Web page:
Best Real Estate Deals: Top Tampa Bay multifamily deals of 2023

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Multifamily properties have been the darling of Tampa Bay’s booming real estate market for over a decade — and these deals represent the top tier of the assets class. Here are this year’s honorees:

Renata at Lakewood Ranch
Renata at Lakewood Ranch is a flagship project for Ryan Cos. It is a large apartment development for the Tampa Bay region, with 502 units spanning 37 acres. The project broke ground in October 2022 and is scheduled to be completed in summer 2024. Leasing will begin in the first quarter of 2024.

  • Developer and general contractor: Ryan Cos. US Inc.
  • Broker: Steve Horn, Ian Black Real Estate LLC
  • Legal team: Kyle W. Grimes, Grimes Hawkins Gladfelter & Galvano PL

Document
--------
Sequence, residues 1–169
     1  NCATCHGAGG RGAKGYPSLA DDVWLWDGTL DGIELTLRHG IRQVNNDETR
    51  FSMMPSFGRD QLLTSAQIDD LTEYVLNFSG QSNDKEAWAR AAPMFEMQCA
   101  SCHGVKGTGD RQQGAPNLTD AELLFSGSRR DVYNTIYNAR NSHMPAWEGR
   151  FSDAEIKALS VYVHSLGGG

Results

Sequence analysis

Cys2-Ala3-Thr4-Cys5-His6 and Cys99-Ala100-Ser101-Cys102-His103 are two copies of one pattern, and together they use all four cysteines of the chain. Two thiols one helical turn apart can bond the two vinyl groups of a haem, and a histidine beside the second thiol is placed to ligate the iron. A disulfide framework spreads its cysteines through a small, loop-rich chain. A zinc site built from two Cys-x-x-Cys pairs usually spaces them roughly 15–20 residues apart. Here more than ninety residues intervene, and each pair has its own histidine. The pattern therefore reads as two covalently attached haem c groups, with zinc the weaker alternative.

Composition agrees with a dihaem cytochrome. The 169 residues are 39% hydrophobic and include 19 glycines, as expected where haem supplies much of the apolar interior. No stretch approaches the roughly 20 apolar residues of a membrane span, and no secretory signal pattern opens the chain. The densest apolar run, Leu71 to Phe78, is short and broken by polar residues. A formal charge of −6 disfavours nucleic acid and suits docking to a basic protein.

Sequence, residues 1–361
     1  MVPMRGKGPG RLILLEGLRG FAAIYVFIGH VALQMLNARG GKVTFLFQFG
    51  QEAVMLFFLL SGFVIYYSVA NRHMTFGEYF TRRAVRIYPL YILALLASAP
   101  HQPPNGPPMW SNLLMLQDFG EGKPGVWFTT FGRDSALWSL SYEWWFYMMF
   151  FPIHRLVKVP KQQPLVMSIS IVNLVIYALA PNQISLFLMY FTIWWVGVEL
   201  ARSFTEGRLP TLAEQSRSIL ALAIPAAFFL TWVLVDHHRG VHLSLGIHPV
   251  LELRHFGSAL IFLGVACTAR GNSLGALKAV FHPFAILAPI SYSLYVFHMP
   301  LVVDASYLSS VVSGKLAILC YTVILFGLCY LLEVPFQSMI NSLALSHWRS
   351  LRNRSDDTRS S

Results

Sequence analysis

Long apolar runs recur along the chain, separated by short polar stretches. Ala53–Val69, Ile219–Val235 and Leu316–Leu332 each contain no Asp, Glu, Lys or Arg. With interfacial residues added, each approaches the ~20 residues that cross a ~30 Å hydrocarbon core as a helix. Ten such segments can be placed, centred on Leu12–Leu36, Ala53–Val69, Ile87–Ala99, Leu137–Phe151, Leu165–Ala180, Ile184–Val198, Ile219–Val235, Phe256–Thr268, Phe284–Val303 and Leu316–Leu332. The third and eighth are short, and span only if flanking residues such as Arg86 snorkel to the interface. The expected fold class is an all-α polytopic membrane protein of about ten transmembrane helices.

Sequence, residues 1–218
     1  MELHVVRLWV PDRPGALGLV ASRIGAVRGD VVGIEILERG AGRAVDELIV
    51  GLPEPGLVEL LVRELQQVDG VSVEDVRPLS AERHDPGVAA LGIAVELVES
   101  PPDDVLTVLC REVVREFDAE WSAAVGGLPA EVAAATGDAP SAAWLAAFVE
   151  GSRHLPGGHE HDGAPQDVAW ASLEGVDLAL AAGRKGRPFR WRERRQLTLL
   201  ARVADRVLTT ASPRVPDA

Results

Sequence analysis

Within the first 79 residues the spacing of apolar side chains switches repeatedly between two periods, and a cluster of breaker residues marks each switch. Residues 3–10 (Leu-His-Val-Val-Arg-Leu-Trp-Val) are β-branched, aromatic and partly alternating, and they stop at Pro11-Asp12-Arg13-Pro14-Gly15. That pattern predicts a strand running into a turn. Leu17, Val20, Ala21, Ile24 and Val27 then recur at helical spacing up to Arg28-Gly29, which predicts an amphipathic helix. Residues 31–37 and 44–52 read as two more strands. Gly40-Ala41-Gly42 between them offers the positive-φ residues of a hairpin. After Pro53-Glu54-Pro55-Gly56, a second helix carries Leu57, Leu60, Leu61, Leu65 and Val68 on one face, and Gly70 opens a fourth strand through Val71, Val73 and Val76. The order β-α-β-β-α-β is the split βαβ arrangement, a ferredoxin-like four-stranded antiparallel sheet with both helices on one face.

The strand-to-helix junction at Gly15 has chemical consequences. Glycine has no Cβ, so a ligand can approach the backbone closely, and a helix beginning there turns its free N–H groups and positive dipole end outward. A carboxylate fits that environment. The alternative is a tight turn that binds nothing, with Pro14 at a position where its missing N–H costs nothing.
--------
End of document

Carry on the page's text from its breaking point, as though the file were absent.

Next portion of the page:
• Lender: PGIM Real Estate
  • Inside the deal: Ryan Cos. overcame supply chain issues as well as national economic headwinds that made financing a challenge.

“Despite these formidable challenges, Ryan managed to overcome them thanks to strong financial support from PGIM Real Estate and their joint venture partner, ParkSprings Development,” Ryan Cos. said. “These strategic financial partnerships played a pivotal role in successfully navigating the complexities of the Renata development project, demonstrating resilience and adaptability in the face of adversity.”

Saltaire, St. Petersburg
Saltaire is a 35-story, 192-unit condominium tower in downtown St. Petersburg. It broke ground in 2020 and wrapped up construction in 2023.

  • Developer: Kolter Urban
  • General contractor: Kast
  • Lender: Wells Fargo
  • Brokers: Smith and Associates Real Estate